We do not have the luxury of spectatorship, watching the unfolding chaos in the south and nodding at how better it would be if we were in charge. All of this human abomination is happening now, but it has the capacity and reach to impact Scotland for 30 years to come.

To bring the next generation of asylum seekers to Scotland in the cold winds of economic hardship will not be without its challenges. We will need a public housing strategy at the very point when resources are stretched to breaking point, committed local council leadership when the cupboard is bare, and tolerance of housing schemes at a time when our own indigenous communities are so challenged.

Nor is it realistic to imagine that independence, even on a fast turnaround, would be able to mitigate austerity and the deeply entrenched issues that a stubborn and embattled asylum process has thrown up – overcrowded centres, risks to mental well-being and concentrations of desperate people willing to take dangerous risks.

The National: Suella Braverman pursued any rung on the Tory ladder to lift herself to a position of national visibilitySuella Braverman pursued any rung on the Tory ladder to lift herself to a position of national visibility

Into all of this, flying in a war-like Chinook helicopter, comes the Home Secretary drifting in like a Megachiropterbat, sinister in stiletto heels and unwilling to deviate from a callous right-wing reaction to foreigners.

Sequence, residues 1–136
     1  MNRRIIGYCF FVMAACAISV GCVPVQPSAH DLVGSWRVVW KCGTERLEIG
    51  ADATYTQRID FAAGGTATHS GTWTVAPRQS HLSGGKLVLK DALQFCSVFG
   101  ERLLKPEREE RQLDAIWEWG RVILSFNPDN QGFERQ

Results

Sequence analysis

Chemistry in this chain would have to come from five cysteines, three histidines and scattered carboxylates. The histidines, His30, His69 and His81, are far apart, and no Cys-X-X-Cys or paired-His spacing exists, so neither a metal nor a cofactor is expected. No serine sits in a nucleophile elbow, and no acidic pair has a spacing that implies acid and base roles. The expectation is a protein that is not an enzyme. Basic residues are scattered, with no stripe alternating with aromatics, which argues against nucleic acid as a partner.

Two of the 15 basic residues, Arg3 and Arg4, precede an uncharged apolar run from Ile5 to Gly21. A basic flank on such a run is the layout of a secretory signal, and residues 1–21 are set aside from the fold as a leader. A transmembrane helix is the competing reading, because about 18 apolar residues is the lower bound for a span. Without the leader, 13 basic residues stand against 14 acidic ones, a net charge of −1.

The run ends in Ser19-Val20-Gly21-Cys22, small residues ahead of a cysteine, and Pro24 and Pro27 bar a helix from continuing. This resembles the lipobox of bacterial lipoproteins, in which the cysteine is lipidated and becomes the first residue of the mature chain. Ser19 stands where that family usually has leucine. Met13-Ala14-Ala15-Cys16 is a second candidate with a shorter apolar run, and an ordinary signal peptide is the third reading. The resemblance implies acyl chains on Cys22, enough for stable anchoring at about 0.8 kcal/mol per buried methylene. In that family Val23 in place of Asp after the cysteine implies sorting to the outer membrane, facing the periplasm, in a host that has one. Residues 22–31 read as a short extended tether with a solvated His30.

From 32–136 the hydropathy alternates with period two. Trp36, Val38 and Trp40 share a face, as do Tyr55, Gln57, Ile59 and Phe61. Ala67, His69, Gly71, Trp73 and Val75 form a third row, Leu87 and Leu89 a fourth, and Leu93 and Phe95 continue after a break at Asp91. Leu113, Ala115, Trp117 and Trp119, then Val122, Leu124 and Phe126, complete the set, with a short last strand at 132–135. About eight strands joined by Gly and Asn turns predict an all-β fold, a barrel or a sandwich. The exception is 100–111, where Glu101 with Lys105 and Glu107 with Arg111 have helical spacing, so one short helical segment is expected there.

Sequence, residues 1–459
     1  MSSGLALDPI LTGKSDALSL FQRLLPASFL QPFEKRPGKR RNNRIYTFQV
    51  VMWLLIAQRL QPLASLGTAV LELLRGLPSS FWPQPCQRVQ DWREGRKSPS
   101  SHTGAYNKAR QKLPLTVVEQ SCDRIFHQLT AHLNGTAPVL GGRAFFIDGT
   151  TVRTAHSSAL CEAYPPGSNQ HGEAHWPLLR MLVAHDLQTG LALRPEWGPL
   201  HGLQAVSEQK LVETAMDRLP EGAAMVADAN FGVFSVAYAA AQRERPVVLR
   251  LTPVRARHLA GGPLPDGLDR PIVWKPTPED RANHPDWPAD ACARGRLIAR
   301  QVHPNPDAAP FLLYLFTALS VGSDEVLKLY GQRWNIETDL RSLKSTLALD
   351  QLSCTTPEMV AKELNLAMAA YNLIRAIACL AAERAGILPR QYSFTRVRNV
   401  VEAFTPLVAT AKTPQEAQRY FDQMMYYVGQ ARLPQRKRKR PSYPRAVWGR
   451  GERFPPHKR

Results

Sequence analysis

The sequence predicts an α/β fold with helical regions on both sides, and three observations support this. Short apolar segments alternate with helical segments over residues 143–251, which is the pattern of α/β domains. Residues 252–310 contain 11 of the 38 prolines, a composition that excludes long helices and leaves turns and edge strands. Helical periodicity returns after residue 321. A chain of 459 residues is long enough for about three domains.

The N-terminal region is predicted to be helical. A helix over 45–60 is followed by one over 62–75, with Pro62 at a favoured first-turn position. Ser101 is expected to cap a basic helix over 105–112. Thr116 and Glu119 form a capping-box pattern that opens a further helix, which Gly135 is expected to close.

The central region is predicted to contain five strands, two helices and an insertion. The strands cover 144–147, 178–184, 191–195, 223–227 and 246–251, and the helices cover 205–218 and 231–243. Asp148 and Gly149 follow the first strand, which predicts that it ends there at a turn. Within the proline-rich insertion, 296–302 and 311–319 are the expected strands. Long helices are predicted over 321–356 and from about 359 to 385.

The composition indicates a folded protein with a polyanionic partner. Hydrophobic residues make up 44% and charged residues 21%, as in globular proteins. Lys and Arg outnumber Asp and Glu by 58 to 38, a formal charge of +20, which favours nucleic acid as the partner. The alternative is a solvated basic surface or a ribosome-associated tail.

How do we make sense of Suella Fernandes Braverman? Named after the cynical manipulator Sue Ellen in Dallas, an immigrant herself and someone who has been privileged by education and opportunity, she has an astonishing disregard for the welfare of others.

Conniving as a student and daughter, she pursued any rung on the Tory ladder to lift herself to a position of national visibility. Sensing the winds of opportunistic change, she threw her ideological lot in with the European Research Group (ERG) – the Tory cabal that has driven Brexit like a reckless bus through British politics.

Scotland is the bystander watching as an out-of-control vehicle lurches dangerously out of control. For our own self-preservation, it’s time to get out of the way.